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Organ and Tissues Donation - Quantitative and Qualitative Analysis

Essay by   •  October 3, 2011  •  Case Study  •  995 Words (4 Pages)  •  1,854 Views

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Problem identification:

The primary problem of most Canadian provinces and particularly Ontario is the low rate of organ and tissue donation and that there is no sign of increase. This is mainly due to the lack of awareness of the public regarding the importance of organ and tissue donation. It is then associated with many secondary problems such as unable to covey a strong and impactful message towards the public to address the importance of organ donation, ineffective communication with families of potential donors and donors themselves, the lack of information made known to public in terms of the procedures of donations and success rates of surgeries, different religious beliefs that affects potential donors' decisions and also public mistrusting the medical system of hospitals. While approaching a valid solution to the current situation, some constraints and limitations were identified. One of which is the fact that Ontario in particular is one of the most culturally diverse province in Canada and this results to potential controversies associated with religious belief upon the issue of organ donation. Secondly, donation is an issue that cannot be forced, the decision is up to the donor to make and the only method that a hospital could do is to increase awareness to the public to achieve a marketing affect. Another significant limitation is the high cost that hospitals are using for identification and maintenance of organs. With the high cost and the low donation rate, it creates a more unfavorable situation for hospitals.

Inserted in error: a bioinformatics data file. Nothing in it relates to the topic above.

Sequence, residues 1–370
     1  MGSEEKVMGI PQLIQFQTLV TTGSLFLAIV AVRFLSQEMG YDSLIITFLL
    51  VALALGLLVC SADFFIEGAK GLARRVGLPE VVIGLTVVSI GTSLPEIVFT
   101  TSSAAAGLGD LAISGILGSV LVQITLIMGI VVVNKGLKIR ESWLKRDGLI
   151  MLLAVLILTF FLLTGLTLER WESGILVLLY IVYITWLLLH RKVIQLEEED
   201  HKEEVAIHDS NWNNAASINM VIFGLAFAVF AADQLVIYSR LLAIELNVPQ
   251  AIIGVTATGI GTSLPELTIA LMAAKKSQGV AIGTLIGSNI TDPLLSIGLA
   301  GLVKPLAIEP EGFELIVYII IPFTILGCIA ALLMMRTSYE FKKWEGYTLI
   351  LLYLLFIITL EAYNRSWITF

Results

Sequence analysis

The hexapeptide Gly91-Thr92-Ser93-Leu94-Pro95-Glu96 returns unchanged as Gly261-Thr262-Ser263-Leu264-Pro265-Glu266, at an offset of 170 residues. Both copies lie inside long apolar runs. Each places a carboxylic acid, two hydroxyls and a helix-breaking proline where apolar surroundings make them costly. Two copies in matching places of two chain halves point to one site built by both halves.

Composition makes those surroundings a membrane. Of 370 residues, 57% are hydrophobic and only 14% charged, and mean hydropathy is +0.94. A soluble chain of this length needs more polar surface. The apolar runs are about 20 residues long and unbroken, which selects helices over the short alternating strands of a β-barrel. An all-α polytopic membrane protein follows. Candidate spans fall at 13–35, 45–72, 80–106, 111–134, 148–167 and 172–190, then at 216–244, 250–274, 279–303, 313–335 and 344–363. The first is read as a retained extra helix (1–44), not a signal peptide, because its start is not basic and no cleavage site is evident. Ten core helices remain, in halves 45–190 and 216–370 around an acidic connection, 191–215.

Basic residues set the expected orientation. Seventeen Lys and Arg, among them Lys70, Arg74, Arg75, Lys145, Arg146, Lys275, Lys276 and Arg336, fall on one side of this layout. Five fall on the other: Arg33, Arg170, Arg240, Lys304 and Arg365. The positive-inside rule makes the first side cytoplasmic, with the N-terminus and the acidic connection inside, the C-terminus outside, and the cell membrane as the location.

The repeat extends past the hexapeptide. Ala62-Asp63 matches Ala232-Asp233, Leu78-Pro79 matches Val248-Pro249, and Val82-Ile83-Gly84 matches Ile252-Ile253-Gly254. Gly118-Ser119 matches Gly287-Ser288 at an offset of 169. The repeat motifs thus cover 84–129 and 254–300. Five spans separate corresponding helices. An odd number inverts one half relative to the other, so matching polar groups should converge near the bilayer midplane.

Quantitative and Qualitative analysis:

To gain more insights to the current situation, a set of quantitative and qualitative analysis was done to find out the cause and effect and main reasons of why organ donations rates are low in Canada. Firstly, according to statistics from hospitals in Canada, in this case, particularly in London the success rate of organ transplant has a promising percentage with the lowest being 58% for single lung transplant and a 91% for Kidney transplant.[See exhibit 1] This means that Canada's medical system's standard is effective. However Canadians does not seem to notice this as it is shown in a survey that despite having a significant 90% of people supporting the organ transplant system yet only 27%-30% out of those people went on to sign up for actual donation. This further proves that the public are not well informed with accurate information regarding the procedures and success rate of organ transplant. With this in mind, it is thus important to figure out how we should approach to increase the awareness of the public throughout the nation. In Canada, Saskatchewan despite having a low population, has the highest donor rates of 22 per million [See exhibit 2] as compared to Ontario, which is the most populated province but yet only achieved a 14 per million donor rate [See exhibit 2]. Looking into furthermore, in Ontario London has a high donor rate of 21 per million [See exhibit 4] which may be mainly due to

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